On 1 July 2017, new rules on expert opinions in legal action came into force.


Due to the new addition to section 198 (1) of the Administration of Justice Act, it is now possible to appoint more experts to answer the same question. The provision aims at the situation where there may be several professional points of view or methods concerning the same technical problem, for example due to different training etc.

The amendment implies that independently, the appointed experts must answer the same question with the consequence that the answers may be conflicting.

The court will only appoint more experts if requested by one or both parties.


The new provision of section 209 of the Administration of Justice Act widens the access to request a new expert opinion concerning the same question. Until 1 July 2017, it was only possible to obtain a new expert opinion if found appropriate by the court, but case law has turned out to be restrictive. Typically, a new expert opinion was generally only possible if the first expert opinion was erroneous, insufficient and/or unclear.

With the amendment, a new expert opinion may be obtained if rendered probable to the court that a new expert opinion may lead to a different result.


Until 1 July 2017, it was only possible to produce opinions or statements obtained by one party of a technical, financial or similar nature obtained prior to the legal action.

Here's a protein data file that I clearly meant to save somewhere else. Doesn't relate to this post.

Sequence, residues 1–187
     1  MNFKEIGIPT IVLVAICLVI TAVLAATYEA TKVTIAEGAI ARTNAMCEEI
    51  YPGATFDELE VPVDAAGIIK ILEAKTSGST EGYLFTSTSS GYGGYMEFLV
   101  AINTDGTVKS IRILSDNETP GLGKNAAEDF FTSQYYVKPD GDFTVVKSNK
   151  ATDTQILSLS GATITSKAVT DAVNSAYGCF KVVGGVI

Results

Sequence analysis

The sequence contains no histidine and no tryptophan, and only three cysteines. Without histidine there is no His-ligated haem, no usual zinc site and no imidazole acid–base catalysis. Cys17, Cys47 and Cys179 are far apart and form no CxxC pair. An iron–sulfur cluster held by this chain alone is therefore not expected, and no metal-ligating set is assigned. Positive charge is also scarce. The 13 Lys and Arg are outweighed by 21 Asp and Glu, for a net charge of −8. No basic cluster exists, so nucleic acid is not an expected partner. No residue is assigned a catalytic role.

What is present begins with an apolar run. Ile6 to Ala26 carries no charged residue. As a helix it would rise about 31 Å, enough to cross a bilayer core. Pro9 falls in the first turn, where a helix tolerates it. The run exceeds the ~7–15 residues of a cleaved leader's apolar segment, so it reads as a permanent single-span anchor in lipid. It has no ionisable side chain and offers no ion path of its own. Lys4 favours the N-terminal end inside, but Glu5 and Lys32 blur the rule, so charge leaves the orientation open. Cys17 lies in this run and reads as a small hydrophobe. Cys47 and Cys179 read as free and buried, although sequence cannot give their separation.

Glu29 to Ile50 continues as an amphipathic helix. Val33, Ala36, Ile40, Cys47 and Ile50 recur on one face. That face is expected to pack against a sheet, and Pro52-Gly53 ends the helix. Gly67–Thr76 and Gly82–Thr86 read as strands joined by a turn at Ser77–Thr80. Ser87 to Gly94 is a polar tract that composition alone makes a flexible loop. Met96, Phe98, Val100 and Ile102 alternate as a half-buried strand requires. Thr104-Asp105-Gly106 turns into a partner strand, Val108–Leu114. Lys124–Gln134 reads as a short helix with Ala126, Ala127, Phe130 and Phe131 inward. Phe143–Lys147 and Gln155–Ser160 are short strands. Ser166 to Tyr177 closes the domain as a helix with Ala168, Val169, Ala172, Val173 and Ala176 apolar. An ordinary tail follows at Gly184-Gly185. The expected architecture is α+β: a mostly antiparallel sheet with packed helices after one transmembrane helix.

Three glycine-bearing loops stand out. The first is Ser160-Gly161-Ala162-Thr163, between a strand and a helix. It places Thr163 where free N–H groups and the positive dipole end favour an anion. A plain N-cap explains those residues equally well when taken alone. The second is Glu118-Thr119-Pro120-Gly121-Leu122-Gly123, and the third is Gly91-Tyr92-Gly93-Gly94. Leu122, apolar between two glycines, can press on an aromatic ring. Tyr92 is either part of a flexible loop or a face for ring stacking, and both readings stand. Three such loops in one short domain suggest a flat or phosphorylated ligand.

In practice, the consequence was that the defendant was sometimes prevented from preparing or arranging its evidence to the same extent as the plaintiff. This was due to the fact that the defendant was not aware whether or when the plaintiff was to proceed with the case.  

The new provision of section 341 a of the Administration of Justice Act does not change the plaintiff’s possibility to produce expert opinions obtained by one party obtained by the plaintiff prior to the legal action. However, the defendant may produce a counter-opinion even though this will not be produced until after the commencement of the legal action.


The rules are expected to affect areas where there is professional disagreement (for example different theories, different training within an area, etc.). This is due to the fact that the new rules will make it easier for the parties to a legal action to have a dispute reviewed by more experts in a situation where expert knowledge is split between several professional angles. But the costs of two experts must be taken into consideration, and if the legal action involves a limited subject-matter, the court will hardly allow that a question is to be answered by more experts with the same qualifications.

The Building and Construction Arbitration Board has a tradition of transferring principles from the Administration of Justice Act to its own rules, but the Board is not bound by the procedural rules of the act. It must be expected, however, that the new rules on expert opinion will rub off on the Board’s procedure concerning evidence by way of expert opinions and the Board's practice.


Christina Steen

Partner (H)